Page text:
Balancing the Demand Equation: a Twitter Chat with Adam Needles on his new book

There’s a brand new book that’s making waves in the B2B marketing community. Balancing the Demand Equation, by Adam Needles, addresses the strategy and tactics needed to succeed in modern business to business demand gen.

Adam Needles is the Chief Strategy Officer at digital demand generation agency Left Brain DGA, and for our upcoming #B2Bchat, we’re joined by the author as he answers questions related to B2B marketing, demand generation, and his hot new book. Join us this Thursday, October 5 at 5:00 p.m.! To learn more, be sure to follow @abneedles and @b2b_chat.

(Update: Two lucky #B2Bchat participants will receive a free copy of Adam Needles’ new book, Balancing the Demand Equation!)

Here are some of the questions we’ll cover:

Q. How is the role of B2B marketers changing within their organizations?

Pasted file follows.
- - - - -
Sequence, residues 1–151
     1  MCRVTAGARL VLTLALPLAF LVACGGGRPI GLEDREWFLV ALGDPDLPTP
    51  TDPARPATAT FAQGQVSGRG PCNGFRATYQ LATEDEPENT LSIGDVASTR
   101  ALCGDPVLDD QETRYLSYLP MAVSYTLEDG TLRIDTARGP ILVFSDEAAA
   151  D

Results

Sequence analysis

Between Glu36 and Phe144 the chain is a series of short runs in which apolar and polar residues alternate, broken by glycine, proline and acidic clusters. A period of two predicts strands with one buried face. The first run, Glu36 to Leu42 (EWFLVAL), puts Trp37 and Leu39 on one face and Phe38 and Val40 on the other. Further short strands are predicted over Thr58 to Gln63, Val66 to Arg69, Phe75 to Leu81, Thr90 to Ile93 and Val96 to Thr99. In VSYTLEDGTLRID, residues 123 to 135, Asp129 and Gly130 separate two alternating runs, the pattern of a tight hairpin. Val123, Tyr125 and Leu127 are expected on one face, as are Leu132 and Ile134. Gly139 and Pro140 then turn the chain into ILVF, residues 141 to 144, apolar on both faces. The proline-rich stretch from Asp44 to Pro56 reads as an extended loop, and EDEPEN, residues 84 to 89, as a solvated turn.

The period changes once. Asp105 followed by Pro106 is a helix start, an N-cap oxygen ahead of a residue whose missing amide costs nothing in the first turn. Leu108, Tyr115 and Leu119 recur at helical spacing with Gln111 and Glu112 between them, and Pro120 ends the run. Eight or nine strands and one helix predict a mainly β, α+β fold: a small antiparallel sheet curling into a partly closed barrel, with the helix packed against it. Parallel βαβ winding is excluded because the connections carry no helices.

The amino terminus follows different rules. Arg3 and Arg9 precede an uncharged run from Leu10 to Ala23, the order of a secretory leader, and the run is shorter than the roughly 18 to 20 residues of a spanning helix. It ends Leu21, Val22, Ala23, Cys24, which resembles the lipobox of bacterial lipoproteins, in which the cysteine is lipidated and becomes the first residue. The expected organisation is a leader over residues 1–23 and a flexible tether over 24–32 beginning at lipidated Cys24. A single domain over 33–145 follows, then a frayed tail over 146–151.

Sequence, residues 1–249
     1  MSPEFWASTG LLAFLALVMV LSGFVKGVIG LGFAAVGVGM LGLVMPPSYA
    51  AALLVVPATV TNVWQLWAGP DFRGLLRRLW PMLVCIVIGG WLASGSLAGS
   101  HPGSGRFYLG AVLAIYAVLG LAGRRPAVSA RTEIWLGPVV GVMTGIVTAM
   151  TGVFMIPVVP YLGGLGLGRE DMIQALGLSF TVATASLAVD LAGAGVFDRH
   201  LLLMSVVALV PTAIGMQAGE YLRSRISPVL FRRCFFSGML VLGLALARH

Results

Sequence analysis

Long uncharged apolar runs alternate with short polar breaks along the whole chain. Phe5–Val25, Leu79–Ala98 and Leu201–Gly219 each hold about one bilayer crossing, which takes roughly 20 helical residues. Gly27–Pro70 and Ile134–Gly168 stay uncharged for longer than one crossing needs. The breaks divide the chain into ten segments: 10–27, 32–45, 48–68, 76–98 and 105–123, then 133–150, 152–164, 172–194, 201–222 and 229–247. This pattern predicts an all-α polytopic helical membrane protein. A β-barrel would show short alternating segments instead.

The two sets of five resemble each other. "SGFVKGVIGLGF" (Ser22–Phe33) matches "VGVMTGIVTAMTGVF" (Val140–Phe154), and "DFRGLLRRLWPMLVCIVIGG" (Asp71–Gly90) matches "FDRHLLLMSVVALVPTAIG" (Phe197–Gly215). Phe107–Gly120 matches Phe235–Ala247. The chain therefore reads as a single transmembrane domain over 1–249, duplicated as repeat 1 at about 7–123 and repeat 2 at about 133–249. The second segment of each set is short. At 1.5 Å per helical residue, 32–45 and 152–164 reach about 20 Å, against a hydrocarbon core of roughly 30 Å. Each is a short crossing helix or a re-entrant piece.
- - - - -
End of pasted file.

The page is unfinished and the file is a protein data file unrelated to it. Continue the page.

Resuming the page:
Q. What are the biggest problems faced by B2B marketers today?

Q. How do you define “demand generation”?

Q. What are the different buyer types?

Q. What do you mean by “demand process integration”?

Q. How can you best market to inactive buyers?

Q. Content marketing… examples of a company that has nailed it?

Q. Which B2B case studies would you recommend?

Q. What are people saying about your new book, Balancing the Demand Equation?

 

“Dear B2B Marketer: Your world is changing, and here’s the field guide that shows you precisely how to adapt.” – Ann Handley (@MarketingProfs and Co-author of Content Rules) on Needles’ new book.

Balancing the Demand Equation is now available on Amazon.com.

 

 

Do You Ping.fm?

How many social media sites do you update on a regular basis?

Perhaps it would be better to rephrase the question as: How many social media sites would you like to update on a regular basis?